I have not been well, but have not had the sense to stay home to recuperate.
While I considered staying home, I ran through my day mentally: I would sleep a little while, eat something, relax, maybe do a little writing, and then maybe head to the coffeeshop to get online. I could do all of that at work, and save a sick day.
Plus the Internet is faster at work.
Plus there’s a vending machine.
So for a week I dragged myself through work while they tried to train me on processes of which I cannot recall the names. I skipped my weekly NaNo group, but my word count remains steady.
We are still without a fridge, but the great Outdoors has blessed us with cold weather and critters that cannot open Rubbermaid containers. Milk and juice sit on the window ledge, leftovers remain perched on the toolbox just under the window. We’ll probably snag one this week. Saw a great vintage Kenmore that I’m hoping is still available.
Sunday, my dad dropped by with his mother. I see each sporadically, my dad less since I’m no longer at the bar. Seeing my grandmother as she is now and remembering what an imposing woman she remains only on the inside, is sobering. We chat about crocheting and she compliments us on our place and the floors. We discuss property laws and other things that aren’t the warm fuzzies others probably discuss with their grandmothers, but is typical for my family. Dad promises to return with a picture I loaned him, as well as tools to fix my bathroom sink.
It was yesterday when he stopped by, my dad in plumber-mode with an electric auger and a toolbox so full of gigaws and thingys, I was envious. He did not ask me about my cold or my job, because that’s not his way. D did his best to get scarce. He’s intimidated by my dad, as most people are. He’s imposing and he has guns, but most of all he’s smart. D is smart too, but when it comes to my dad, he’d rather not remind the man that we share a bed.
Dad ran the snake down the pipe and in ten minutes, I was summoned to the bathroom. He used the voice I remember from my childhood that intoned disapproval and judgment, and bade “have a good answer”. I was actually afraid before shoving that inner child aside and hurrying to the bathroom.
“What is this?” he asked, and I scrambled for something to tell him before I even saw what he has in his hand. Habit – wanting to have an answer, to not stand there mute and silent. At the end of the snake was about a pound of hair, bobby pins, and elastic hair ties. I was grossed out. The four gallons of Drano we dumped down the pipe did absolutely nothing to it but make it melt into the world’s nastiest hairball. However it wasn’t Barbie heads or Matchbox cars or anything stupid. Just stuff one would find at the end of a drain to a sink that lacks a waste trap. Stuff falls into the sink and you wave goodbye to it. See you in Hell, bobby pins.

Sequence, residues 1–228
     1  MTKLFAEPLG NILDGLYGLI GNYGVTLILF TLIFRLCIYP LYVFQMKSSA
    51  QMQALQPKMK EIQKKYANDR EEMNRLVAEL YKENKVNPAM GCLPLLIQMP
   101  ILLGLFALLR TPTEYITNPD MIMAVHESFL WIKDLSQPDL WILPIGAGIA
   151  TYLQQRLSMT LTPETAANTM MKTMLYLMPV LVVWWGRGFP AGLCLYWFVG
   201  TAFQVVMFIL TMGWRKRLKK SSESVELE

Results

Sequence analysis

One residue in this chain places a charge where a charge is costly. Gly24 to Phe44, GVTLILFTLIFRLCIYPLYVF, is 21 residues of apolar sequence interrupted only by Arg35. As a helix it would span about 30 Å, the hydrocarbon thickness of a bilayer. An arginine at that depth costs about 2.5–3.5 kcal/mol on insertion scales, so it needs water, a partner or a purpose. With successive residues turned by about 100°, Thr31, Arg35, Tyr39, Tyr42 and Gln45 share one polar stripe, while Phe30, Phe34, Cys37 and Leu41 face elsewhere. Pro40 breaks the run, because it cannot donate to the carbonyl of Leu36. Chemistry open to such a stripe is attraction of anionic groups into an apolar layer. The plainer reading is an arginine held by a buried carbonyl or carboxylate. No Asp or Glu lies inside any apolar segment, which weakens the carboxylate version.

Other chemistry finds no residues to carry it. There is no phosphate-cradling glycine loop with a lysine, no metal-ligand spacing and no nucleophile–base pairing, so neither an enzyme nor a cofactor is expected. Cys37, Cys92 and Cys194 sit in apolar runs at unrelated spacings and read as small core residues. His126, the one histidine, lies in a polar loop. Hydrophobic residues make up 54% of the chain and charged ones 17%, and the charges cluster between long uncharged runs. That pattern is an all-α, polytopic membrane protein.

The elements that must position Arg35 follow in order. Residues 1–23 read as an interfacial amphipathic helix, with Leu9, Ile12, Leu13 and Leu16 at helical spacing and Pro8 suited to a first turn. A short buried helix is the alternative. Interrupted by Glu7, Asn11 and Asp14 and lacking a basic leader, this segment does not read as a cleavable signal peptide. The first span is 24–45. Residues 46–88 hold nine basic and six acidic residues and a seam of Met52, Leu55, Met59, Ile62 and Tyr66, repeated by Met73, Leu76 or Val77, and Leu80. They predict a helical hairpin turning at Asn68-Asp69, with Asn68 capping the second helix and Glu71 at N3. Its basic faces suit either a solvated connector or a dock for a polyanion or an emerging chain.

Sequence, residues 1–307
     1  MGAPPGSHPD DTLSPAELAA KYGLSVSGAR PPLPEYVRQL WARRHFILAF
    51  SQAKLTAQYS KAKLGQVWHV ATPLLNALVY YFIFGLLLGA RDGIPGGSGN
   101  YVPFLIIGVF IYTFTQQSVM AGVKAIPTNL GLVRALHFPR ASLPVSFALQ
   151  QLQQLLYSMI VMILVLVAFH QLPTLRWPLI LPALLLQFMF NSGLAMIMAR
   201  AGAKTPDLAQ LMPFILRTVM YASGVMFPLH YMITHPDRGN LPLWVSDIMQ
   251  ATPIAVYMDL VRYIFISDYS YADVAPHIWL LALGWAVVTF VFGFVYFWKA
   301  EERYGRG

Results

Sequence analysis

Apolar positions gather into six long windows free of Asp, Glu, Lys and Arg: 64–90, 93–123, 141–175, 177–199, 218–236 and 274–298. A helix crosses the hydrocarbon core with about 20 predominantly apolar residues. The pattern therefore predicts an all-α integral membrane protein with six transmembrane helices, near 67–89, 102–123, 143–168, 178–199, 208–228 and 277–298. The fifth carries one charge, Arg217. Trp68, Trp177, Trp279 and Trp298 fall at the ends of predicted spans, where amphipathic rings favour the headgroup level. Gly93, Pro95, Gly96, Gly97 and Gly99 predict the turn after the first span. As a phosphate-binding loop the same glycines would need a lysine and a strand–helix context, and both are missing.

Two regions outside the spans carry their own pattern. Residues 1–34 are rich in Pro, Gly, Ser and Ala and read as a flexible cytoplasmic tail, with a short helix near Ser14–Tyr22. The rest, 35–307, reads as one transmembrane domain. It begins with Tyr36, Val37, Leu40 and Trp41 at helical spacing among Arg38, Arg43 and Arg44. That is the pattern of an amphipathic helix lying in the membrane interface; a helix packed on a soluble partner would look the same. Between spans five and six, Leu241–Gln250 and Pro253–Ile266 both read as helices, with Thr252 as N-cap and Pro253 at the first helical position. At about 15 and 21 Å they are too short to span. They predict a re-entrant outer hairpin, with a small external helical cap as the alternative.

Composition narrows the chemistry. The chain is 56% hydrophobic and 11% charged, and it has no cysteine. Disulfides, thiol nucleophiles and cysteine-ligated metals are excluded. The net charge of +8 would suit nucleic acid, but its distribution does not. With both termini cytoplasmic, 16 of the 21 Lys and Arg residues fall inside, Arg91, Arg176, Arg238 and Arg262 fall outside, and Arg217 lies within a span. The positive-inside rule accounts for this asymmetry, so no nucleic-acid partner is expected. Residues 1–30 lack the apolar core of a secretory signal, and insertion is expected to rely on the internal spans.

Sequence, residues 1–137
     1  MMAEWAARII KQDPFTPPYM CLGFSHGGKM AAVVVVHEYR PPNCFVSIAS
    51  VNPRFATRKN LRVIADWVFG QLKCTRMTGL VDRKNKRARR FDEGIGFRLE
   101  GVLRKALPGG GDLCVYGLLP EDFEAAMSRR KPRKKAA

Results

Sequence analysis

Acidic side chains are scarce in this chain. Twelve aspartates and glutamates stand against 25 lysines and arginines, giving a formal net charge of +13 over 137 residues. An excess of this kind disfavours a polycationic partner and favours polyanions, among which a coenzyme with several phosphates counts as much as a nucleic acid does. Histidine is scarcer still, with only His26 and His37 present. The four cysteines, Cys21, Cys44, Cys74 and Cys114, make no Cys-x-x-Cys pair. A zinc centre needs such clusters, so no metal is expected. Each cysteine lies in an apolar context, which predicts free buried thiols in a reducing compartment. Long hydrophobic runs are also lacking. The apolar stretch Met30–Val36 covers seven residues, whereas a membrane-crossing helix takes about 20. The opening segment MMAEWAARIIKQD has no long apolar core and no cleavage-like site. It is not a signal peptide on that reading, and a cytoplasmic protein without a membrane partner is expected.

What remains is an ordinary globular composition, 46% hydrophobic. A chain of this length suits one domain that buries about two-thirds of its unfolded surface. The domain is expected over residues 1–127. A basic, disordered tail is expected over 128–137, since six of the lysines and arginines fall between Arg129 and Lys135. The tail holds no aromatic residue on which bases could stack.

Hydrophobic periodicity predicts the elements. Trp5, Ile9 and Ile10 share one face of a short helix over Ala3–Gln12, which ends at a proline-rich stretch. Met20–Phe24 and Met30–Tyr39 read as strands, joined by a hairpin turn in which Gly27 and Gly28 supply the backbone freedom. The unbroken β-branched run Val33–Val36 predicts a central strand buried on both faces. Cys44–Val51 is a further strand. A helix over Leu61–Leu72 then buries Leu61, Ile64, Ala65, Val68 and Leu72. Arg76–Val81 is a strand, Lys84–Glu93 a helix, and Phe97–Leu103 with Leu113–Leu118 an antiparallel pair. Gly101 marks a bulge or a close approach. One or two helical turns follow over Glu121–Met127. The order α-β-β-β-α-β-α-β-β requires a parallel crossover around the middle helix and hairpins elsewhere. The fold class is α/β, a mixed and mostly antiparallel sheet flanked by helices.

“Yep,” was all I said. The less said with Dad when confronted with mistakes, even common ones, the better. He grunted an agreement and set to putting my sink back together. The answer was satisfactory and I breathed an inward sigh of relief. The evening ended with him writing me a receipt for the work – I’ll use it to offset rent as well as the new fridge we’re going to have to buy – and then lifting some photographs.
It was a photo taken about 12 years ago of me and my sisters. I’d post a picture of it, but I can’t. I’ve built up too much of an image to go back. He picked it up and smiled and said he’d bring it back. It was a good smile. I think he took a few more too, but I can’t recall which ones. Like I’m really going to tell my dad ‘no’. Besides, he likes having his kids around, even if we’re just two-dimensional.
He doesn’t need an excuse to come out and see me, but I’m glad he gives himself little reasons. We’ve never had the best relationship, but he’s still my dad and I still idolize the hell out of him – like all daughters should.
———————– <– Pedestal on which my dad stands
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